‘”The six months under review have seen central bankers continuing what is surely the greatest experiment in monetary policy in the history of the world. We are therefore in uncharted waters and it is impossible to predict the unintended consequences of very low interest rates, with some 30 per cent of global government debt at negative yields, combined with quantitative easing on a massive scale. In times like these, preservation of capital in real terms continues to be as important an objective as any in the management of your company’s assets.”
More recently we reported on Stanley Druckenmiller buying gold in late December and January, having sold on the night of the election claiming that “all the reasons I owned it for the last couple of years seem to be ending”.
However since then Druckenmiller has bought gold back seemingly because he too believes it is currently undervalued, he “wanted to own some currency and no country wants its currency to strengthen…Gold was down a lot, so I bought it.”
And just this week we brought an interview with Jim Rogers to you in which he warned investors to “Get prepared” as “we’re going ‘to have the worst economic problems we’ve had in your lifetime or my lifetime’. With this in mind he is holding onto gold and silver and is accumulating bullion on dips, looking to ‘own more’.
Conclusion: unconventional appeal of gold as insurance
Despite the apparent support of some investment managers this is seen as very much short-term and gold is still not seen as a conventional investment.
Coverage of this most recent BAML survey has picked up on this rekindled love for gold and generally writes that the metal is being bought as an insurance policy, as opposed to a key investment ‘mainstay’.
This idea suggests that there are times when it isn’t necessary to have gold in your portfolio.
The approach of the fund managers seems a funny way to look at things when you consider the long-term appeal and strength of the gold price. In the short-term the price does well during periods of declining confidence, as we are seeing now but in the long-term having an allocation to gold to gold in your portfolio has been shown to benefit the long-term performance, as we have written about in our investment guides.
These money managers who are now investing in gold as a sort-of short term insurance are certainty looking at things from a narrow focused perspective. This is something that Doug Kass drew our attention to earlier this year.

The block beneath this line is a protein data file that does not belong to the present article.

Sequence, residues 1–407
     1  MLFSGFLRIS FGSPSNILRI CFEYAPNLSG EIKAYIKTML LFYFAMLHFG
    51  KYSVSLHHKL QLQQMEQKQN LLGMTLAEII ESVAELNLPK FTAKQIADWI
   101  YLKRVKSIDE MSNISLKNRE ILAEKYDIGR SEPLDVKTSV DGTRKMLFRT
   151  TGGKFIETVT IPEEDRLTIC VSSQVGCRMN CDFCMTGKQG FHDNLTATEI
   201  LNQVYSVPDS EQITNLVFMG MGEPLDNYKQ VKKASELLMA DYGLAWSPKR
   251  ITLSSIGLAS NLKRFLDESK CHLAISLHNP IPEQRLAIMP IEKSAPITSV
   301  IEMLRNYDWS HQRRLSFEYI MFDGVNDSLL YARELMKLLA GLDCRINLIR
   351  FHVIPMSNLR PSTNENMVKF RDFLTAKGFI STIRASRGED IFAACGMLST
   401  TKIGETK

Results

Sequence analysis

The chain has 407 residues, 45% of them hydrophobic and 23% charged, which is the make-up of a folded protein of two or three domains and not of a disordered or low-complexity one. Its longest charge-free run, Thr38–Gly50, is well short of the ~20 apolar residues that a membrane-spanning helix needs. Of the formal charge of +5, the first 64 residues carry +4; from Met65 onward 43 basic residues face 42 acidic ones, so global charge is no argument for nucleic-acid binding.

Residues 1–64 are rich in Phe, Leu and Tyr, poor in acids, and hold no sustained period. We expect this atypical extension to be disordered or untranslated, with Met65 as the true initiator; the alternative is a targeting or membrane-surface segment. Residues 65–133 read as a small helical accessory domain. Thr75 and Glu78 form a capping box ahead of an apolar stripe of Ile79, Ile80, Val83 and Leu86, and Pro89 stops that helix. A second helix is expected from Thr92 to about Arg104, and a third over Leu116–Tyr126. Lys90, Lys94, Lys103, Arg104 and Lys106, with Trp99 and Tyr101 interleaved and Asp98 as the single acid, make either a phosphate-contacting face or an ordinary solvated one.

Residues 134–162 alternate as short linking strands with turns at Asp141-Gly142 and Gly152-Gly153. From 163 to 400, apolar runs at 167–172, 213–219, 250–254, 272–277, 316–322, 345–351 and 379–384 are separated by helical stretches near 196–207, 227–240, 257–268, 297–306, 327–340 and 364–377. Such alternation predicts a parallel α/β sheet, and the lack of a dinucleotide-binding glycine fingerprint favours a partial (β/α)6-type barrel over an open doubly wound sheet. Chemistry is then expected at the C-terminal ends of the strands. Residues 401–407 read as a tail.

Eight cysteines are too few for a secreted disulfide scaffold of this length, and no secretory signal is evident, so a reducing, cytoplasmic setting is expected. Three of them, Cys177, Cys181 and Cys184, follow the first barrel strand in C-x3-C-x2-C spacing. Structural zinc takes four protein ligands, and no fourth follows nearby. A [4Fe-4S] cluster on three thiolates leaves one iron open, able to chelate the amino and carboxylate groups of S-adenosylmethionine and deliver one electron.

Kass quoted Howard Marks who wrote:
“First-level thinking is simplistic and superficial, and just about everyone can do it (a bad sign for anything involving an attempt at superiority). All the first-level thinker needs is an opinion about the future, as in: ‘The outlook for the company is favorable, meaning the stock will go up.’
However, Kass writes that to be good investors we need to engage in ‘second-level thinking’ which is ‘deep, complex and convoluted…The second-level thinker takes many things into account:’
Few assets seem to generate as much controversy as gold when it comes to mainstream investors and the media. Many like to point to Warren Buffet who argues that we just dig it out of the ground in order to store it in another hole in the ground. Critics like to argue that it offers no yield, no dividend, and is difficult to value according to modern financial theory.
Yet, interest in what is happening with the gold price and who is buying gold will always be covered by the mainstream. There is in an innate fascination with gold, but the majority only turn to it when it seems there is an obvious reason for it to climb.
The reason gold has survived so many years and performed so well is because there is no such thing as an intrinsic value calculation – too many elements feed into the gold price, and most of them are unknown until they occur. Hence why it performs so well during times of uncertainty.
Gold is money. It is a borderless currency that cannot be inflated, devalued or controlled by central bankers and politicians. Contrast that to the likes of the US dollar (and indeed the euro or sterling) which can fall victim to all of those things, and given Trump’s comments on the strong dollar, perhaps more than we have ever seen before.
Gold is undervalued at present and will no doubt benefit from the bullishness of these money managers. However it is not just undervalued and worth buying because people fail to appreciate the impact of protectionism, stagflation and inflation.
It is undervalued for many reasons, the main one is the lack of understanding of gold as a proven and of how well it performs during times of uncertainty.
Gold Prices (LBMA AM)
16 Feb: USD 1,236.75, GBP 988.41 & EUR 1,163.29 per ounce
15 Feb: USD 1,225.15, GBP 985.27 & EUR 1,161.81 per ounce
14 Feb: USD 1,229.65, GBP 986.67 & EUR 1,157.84 per ounce
13 Feb: USD 1,229.40, GBP 982.04 & EUR 1,155.64 per ounce
10 Feb: USD 1,225.75, GBP 980.23 & EUR 1,151.35 per ounce
09 Feb: USD 1,241.75, GBP 988.18 & EUR 1,161.04 per ounce
08 Feb: USD 1,235.60, GBP 989.47 & EUR 1,160.10 per ounce
07 Feb: USD 1,231.00, GBP 995.14 & EUR 1,154.43 per ounce
06 Feb: USD 1,221.85, GBP 978.34 & EUR 1,138.15 per ounce
Silver Prices (LBMA)
16 Feb: USD 18.10, GBP 14.49 & EUR 17.02 per ounce
15 Feb: USD 17.88, GBP 14.38 & EUR 16.93 per ounce
14 Feb: USD 17.91, GBP 14.37 & EUR 16.85 per ounce
13 Feb: USD 17.97, GBP 14.34 & EUR 16.89 per ounce
10 Feb: USD 17.62, GBP 14.15 & EUR 16.55 per ounce
09 Feb: USD 17.71, GBP 14.10 & EUR 16.58 per ounce
08 Feb: USD 17.74, GBP 14.20 & EUR 16.66 per ounce
07 Feb: USD 17.60, GBP 14.21 & EUR 16.49 per ounce
06 Feb: USD 17.60, GBP 14.10 & EUR 16.39 per ounce